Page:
What Peace? Asks Angry, Grieving Kashmir Town
14 June 2005
The Times of India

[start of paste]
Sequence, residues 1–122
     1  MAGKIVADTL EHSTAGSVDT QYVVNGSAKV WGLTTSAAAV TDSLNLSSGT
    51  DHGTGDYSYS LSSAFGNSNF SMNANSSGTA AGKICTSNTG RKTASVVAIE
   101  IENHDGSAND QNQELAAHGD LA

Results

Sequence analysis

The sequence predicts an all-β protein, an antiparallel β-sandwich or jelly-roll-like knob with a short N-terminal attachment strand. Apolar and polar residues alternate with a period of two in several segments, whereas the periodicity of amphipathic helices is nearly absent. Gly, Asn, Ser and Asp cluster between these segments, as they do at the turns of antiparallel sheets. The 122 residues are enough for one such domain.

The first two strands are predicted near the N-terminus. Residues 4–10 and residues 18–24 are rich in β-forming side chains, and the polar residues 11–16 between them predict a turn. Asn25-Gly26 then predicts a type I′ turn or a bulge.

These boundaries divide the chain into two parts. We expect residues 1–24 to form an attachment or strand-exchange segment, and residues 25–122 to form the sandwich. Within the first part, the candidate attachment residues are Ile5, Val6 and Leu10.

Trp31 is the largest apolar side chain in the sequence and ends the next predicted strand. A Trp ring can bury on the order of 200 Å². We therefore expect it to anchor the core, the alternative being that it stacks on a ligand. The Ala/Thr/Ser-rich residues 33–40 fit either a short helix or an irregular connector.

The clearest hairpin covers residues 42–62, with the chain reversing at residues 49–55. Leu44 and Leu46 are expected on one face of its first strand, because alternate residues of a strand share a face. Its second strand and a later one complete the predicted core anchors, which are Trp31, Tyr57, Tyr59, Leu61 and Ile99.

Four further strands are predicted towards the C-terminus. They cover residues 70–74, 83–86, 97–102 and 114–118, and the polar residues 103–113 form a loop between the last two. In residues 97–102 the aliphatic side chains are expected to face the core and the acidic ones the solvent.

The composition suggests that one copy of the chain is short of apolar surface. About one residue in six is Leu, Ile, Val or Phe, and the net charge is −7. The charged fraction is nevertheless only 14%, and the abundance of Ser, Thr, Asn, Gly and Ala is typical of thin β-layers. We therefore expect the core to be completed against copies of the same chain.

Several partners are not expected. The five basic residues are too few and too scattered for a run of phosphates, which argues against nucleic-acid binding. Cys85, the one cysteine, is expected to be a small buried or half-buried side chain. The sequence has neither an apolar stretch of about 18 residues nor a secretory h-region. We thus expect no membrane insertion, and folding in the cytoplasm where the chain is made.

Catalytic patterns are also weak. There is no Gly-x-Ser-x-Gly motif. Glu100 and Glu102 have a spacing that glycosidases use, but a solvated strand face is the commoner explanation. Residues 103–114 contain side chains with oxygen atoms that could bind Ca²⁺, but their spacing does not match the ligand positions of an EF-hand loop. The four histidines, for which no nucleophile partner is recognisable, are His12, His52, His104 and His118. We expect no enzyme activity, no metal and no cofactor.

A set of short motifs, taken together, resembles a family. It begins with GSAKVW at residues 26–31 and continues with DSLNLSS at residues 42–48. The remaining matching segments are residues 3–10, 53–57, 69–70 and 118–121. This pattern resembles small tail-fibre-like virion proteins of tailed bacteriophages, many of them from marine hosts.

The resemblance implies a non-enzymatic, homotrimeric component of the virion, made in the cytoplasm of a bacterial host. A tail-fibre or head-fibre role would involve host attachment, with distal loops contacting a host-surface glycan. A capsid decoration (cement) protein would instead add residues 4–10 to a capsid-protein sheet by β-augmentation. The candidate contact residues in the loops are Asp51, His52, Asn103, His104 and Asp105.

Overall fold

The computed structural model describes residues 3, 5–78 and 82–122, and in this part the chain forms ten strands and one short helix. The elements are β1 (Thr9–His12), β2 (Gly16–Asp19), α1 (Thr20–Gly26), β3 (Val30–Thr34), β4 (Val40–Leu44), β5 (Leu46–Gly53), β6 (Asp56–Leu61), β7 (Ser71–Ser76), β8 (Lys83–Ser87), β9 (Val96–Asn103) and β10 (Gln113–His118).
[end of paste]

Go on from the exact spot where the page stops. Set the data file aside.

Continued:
Pulwama: Headless bodies, bits and pieces of human flesh that became indistinguishable from black, burnt pieces of metal and half- finished exam papers... The bloody, scarring images left behind by Monday's car bomb attack in south Kashmir's Pulwama town - which killed 14 people and was said to be the most devastating in 16 years - are hard to shake off. Anger, grief and rumours are running so high in the town that people have only harsh words for the administration. 'What use are the India-Pakistan confidence building measures (CBMs) when we continue to be cannon fodder for both war and peace?' asked Manzoor Bhat, a resident of Pulwama, just 35 km from state capital Srinagar. Locals have been adamant that the destruction was caused by 'some explosive dropped by an over-flying air force fighter plane'. Indian Air Force has a base in Koel village, four kilometres away from Pulwama town. Fighter planes on reconnaissance flights keep landing and taking off from there. Javaid Mukhdoomi, inspector general of police (Kashmir Zone), tried to set the record straight. 'There was a sonic boom in the area that coincided with the car bomb explosion. This created some confusion in the minds of the locals,' he said. No one can forget the deaths at high noon Monday, one of the saddest days in the state. School children had hardly started writing their exams in a central school there when the demon of death descended with fire and fury. 'You can see half finished exam papers. Two of our students who thought they were shaping their future became victims of this madness,' said an emotionally choked teacher at the school. The dead include two schoolchildren, three paramilitary officers and nine civilians, three of whom had gone to the local district magistrate's office to fill forms for the Haj pilgrimage to Makkah. Over 100 people were injured in the blast. 'Fifty injured people have been discharged after treatment while another 46 are undergoing treatment in hospitals in Srinagar city and Pulwama town,' a senior health department official said here. A valley wide protest paralysed life here with transport, educational institutions, banks and business establishments remaining closed Tuesday. The authorities, who were taken by total surprise by the explosion, took full four hours to determine the source of this massive explosion. Owais Ahmed, the south Kashmir chief of police, said: 'It was a car bomb. A Maruti car had been laden with RDX and parked 50 metres away from a Central Reserve Police Force (CRPF) camp in the town. Militants set the massive charge off around 11.35 a.m.' But hardline separatist leader Syed Ali Geelani is adamant. 'It is an incident of aerial bombing by the Indians,' he told reporters. Geelani and Hizbul Mujahideen chief Syed Sallahuddin called for a general strike to protest the Pulwama deaths. A television reporter was roughed up by locals as he went live telling viewers that a truck laden with explosives had been detonated by separatist guerrillas to cause the destruction. Police had to use tear gas shells followed by gunfire to disperse an unruly mob that pelted stones and shouted slogans against the administration. A day like Monday is too perhaps long for the locals to wait for some distant peace that is so near, but so elusive.